I sit in the cafe at Barnes and Noble. Around me, old ladies chat about their grown children, young couples muse about pop culture and their relationship, and mothers remind their toddlers not to toddle around touching everyone.
It was a hastily made decision to actually get dressed and go out today, and for anyone who cares to glance my way it probably shows. Hair in a messy ponytail, old jeans that barely fit, and a black t-shirt I picked up off the bedroom floor. I am probably covered in dog and cat hair, and I only match because purple flip flops go with anything.
I don’t need any books and if I really needed coffee, I’d be at Tim Hortons. I don’t even like Starbucks. So what am I doing here?
After taking the dogs to the park and then playing a short round of water dog this morning, I looked at the clock and realized that at 10 a.m. I was already counting the hours until the end of the day. Hours spent throwing a glow ball, checking the nesting boxes for eggs, and wandering around the house wondering what I would write if I could actually muster up the discipline to do it.
So I head to Barnes and Noble, open the laptop and make a good show of writing.
OK, I’m blogging. Is that the same thing?
Before I left I posted a status update on Facebook: “OK, to B&N in Pittsford to drink coffee and hopefully write a little. I need to get away from the dogs and house and hopefully get something done book/story wise” and a friend asks what book I’m working on.
The truth is, I’m always working on a book. And the other truth is that I’ve yet to actually finish any of them. I’ve gotten pretty far in the proces – did a proposal, talked to an agent, but I think he sensed, correctly, that my own fears were going require a bit of hand holding on his part to get me over that initial hurdle of panic. What? You actually want me to write this book now that you’re sold on the idea?
Whoa. Someone talk me off the ledge.
He told me when I finished writing the first three chapters of the book to let him know and we’d see if he could represent me. The chapters were basically written; all I had to do was pull the material together.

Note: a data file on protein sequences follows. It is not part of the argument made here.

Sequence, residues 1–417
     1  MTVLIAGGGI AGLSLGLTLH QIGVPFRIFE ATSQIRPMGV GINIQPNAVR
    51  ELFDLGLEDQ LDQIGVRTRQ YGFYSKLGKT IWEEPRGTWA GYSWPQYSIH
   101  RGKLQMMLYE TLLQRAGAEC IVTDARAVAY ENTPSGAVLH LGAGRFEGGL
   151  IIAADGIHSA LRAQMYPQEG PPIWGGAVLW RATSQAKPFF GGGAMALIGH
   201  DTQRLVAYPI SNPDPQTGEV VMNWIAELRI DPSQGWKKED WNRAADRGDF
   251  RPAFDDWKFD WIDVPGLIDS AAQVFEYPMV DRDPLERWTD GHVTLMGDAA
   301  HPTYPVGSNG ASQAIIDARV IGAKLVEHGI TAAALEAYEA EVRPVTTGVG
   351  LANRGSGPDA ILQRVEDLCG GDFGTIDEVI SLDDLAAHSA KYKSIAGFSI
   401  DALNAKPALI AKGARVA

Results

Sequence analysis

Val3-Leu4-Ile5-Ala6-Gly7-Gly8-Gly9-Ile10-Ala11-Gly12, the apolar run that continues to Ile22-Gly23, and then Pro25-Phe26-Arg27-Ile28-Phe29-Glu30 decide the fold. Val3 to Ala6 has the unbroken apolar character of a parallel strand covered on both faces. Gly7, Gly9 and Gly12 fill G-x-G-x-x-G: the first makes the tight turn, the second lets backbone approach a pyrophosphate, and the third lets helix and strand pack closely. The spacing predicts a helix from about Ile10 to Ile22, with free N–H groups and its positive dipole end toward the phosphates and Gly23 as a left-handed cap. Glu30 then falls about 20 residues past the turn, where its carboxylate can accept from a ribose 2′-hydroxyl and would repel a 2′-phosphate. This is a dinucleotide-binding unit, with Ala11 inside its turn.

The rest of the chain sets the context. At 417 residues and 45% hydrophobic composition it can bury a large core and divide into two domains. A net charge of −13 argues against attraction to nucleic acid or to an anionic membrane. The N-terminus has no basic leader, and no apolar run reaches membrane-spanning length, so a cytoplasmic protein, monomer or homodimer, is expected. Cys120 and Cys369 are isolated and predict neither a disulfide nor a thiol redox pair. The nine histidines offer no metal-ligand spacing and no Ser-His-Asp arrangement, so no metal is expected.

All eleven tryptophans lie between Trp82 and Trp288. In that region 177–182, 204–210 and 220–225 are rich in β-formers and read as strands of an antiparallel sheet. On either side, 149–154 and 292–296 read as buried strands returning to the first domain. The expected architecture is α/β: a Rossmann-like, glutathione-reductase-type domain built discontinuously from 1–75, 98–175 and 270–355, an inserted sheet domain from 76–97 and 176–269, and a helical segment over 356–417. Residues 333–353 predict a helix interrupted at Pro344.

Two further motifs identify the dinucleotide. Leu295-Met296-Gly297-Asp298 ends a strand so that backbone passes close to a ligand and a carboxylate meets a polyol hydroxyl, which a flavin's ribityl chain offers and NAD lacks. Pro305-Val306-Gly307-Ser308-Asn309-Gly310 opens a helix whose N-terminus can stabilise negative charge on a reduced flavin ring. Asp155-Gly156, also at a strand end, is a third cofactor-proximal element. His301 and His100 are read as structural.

That was several years go.
For now, these ideas remain just ideas. Except that more and more I see that many of the ideas actually merge into one.
Writing about Scout, for example, with the “Everything I know about faith I learned from my dog” book never seemed complete. I talked a lot about fear – mine and Scout’s – and how together we overcame our anxieties. Mostly overcame; he did pass his therapy dog test but, like me, still has moments when his anxiety makes any progress or interactions with others impossible. How did the story end?
Then came Bandit, the devil dog that added a completely new dimension to the story. One anxiety ridden dog plus one confident, bossy pup equals a fight by everyone to find their place in the pack and finally understand their strengths. Maybe the end of the story was that which doesn’t kill us only makes us stronger.
Of course, it was only after the chickens that I realized that the real story was this: I’ve lost my mind.
It began when Cassie left home and moved to Florida. David, already used to coming and going as he pleased, spent more and more time in the woods, with his hunting buddies, and generally doing his own thing. Then Natasha the family dog died. Scout came, he broke his leg, and required six weeks of my undivided attention. Then a friend died, the band I was working with moved to Los Angeles, and I began to question everything I’d been doing.
Who was I if I wasn’t “Cassie’s mom” anymore? Who needed me when my husband had an entire life that didn’t include me? Why was I doing publicity if I wasn’t enjoying it? Why was I so afraid of everything?
Basically, I had all the time in the world to do whatever I wanted – and I had no idea what I wanted to do.
The problem for me has always been that I spend a lot of time helping other people achieve their goals. I’ve helped writers work out kinks in their stories, connected people who can help each other, given critiques and feedback and helped foster creative environments for everyone. Except myself.
What I really need is a me.
What I got instead were more distractions and reasons not to write. I can’t go to the cafe, I have two energetic dogs. I don’t have the money to go to a writing conference; I just spent a bunch of money on the chicken coop. I can’t go out in public; I don’t have anything to wear, I can’t fit into my clothes, my gray hair is a mess, and on and on.
Today I’m having a motivated day. So I sit at that cafe at Barnes and Noble and listen to the young couples talk and watch the other solitary people with their open laptops and hope that what I’ve just typed counts as writing.